SINGERS Dionne Warwick and Neil Diamond are helping to fight crime and anti-social behaviour at Huddersfield bus station.
They are among the artists specially selected by station manager Helen Schofield for her `easy listening' collection, which is now broadcast to waiting passengers throughout the day.
Helen, who has managed the station for two years, chose the CD collection with the help of the manager of a Leeds record shop.
"They have been selected very carefully," she said. "Surveys have found that if you play easy listening music it creates a relaxing environment.
"It can deter people who might want to cause trouble in a busy area."
Relaxing environments where `easy listening' is played are apparently not the sort of places that potential troublemakers like to hang out.
"It puts them off," said Helen. "They do not want to be somewhere where that sort of environment is created."
The tactic is just one in the armoury used to deal with anti-social behaviour.
The station's CCTV is linked up to City Watch, the town centre camera system. And at least two security guards are on duty throughout the day.
Some 40,000 people pass through the bus station on any one day, so there is plenty of potential for incidents.
Most happen between 7pm and 11pm.
Helen said: "We might get a couple of incidents an evening, such as an argument between people. But they are nipped in the bud and people are asked to leave before things can get out of hand.
"We can actually ban people from using the premises immediately, or we can give them three warnings."
West Yorkshire transport co-ordinators Metro own the bus station, but services are run by bus operators.
One of the main causes of aggravation is buses failing to turn up. "That can be a problem for the security staff, especially late at night," said Helen.
"Most people do not realise that Metro is not the bus company. The operator has the responsibility for buses missing or being late.
"But that message does not seem to get across to people."
About five people have been banned in the past two years.
"Usually they adhere to the warnings and realise it is not the sort of place where they can do what they want," said Helen.
"On the other hand, we want to create a welcoming environment and make it pleasant for the public."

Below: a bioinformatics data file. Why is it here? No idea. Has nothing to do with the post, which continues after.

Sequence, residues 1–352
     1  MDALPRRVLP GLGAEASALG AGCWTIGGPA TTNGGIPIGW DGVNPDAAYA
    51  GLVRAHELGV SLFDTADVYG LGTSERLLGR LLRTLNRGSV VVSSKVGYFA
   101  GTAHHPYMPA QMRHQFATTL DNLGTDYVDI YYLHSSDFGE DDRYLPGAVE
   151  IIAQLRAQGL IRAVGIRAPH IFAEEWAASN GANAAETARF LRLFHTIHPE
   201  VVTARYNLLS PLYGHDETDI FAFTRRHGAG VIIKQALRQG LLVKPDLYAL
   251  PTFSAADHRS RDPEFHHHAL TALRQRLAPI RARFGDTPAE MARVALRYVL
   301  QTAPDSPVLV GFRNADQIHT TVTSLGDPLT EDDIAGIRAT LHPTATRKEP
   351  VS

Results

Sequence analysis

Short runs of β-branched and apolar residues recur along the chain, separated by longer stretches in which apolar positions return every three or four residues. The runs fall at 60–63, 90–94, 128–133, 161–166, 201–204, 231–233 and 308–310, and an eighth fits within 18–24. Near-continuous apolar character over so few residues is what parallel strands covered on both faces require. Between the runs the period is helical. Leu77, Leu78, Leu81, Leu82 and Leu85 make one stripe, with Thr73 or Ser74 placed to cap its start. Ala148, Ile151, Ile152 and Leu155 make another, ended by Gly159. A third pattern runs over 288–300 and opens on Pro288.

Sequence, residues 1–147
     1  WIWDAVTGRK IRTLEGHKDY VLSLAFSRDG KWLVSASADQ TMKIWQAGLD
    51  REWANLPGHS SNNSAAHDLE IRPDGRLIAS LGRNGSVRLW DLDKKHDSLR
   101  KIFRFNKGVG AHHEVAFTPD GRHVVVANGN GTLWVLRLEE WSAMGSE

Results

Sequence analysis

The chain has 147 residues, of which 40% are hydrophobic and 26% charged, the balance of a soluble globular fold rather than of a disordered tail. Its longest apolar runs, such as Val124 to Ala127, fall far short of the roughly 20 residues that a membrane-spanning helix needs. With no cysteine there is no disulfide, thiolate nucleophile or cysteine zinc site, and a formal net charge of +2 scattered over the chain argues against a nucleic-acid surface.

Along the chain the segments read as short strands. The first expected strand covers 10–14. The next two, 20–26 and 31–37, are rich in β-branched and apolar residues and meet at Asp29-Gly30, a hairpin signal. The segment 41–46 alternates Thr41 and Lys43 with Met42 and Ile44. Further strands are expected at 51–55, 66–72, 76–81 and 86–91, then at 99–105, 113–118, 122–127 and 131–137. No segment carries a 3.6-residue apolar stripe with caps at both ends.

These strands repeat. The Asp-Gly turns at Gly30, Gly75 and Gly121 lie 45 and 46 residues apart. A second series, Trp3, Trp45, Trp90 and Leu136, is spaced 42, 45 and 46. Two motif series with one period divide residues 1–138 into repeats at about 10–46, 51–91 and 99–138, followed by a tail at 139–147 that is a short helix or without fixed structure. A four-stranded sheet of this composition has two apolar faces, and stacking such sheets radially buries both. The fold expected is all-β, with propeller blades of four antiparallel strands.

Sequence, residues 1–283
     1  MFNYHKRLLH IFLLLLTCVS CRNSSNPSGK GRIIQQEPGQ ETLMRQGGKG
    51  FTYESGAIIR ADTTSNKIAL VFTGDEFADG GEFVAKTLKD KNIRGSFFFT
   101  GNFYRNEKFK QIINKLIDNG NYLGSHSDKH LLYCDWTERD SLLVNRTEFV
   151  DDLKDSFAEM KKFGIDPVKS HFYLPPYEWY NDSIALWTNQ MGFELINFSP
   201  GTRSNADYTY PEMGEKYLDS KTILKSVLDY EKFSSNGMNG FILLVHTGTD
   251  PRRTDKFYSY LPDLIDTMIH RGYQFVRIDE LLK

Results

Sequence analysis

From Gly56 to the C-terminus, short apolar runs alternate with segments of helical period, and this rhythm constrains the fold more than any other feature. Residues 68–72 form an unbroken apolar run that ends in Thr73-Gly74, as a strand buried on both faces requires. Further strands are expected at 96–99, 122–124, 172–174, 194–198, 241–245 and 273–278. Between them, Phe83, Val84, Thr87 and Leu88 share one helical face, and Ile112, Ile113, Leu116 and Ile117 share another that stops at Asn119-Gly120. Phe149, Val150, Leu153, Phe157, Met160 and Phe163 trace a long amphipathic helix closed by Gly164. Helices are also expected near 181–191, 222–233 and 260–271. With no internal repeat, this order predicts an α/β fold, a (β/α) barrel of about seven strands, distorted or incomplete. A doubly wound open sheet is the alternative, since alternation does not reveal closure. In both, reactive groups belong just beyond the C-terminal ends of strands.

FIVE SONGS THAT BUS PASSENGERS LIKE
1. Ticket To Ride
- The Beatles
2. Magic Bus
- The Who
3. Ring My Bell
- Anita Ward
4. Anything by Desmond Dekker or Busted
5 Ride On Time
- Black Box
FIVE SONGS TO UPSET PASSENGERS
1. Highway To Hell
2. Stuck in the Middle
- Stealer's Wheel
3. Miss You
- Rolling Stones
4. Hanging Around
5 Waiting In Vain
- Bob Marley
WHAT YOU THINK:
Name: David Ashe.
Says: "The music's from my sort of era. It's OK. It makes a different environment. It's more pleasant to hear music than people moaning."
He said gangs of youths congregated in the bus station at night. "It's never bothered me really. I have never felt intimidated. The security is OK," he said.
Name: Pamela Hirst.
Says: "I do not mind the music. I prefer having it. The security is fine. I have never felt intimidated. I have never had any problems. I use the station at night, when there are youngsters about, so I suppose they could do with a few more guards about then. But during the day it is fine."
Name: Horace Douglas.
Says: "I have seen a few guards walking about talking to youngsters. I would feel a lot better if they were walking with me these days. The security is fine and has probably improved a bit. I seem to have seen a few more guards walking about. The music is OK for the majority. It's better than nothing at all."
Name: Charlene Martin, 16.
Says: "The music's a bit old, but when you are on your own at night it makes you feel less uneasy. I do not think the security is much good. When you come in on your own at night it's a bit scary." She has only just started using the bus station again, after her mobile phone was stolen. "I think there should be more security guards."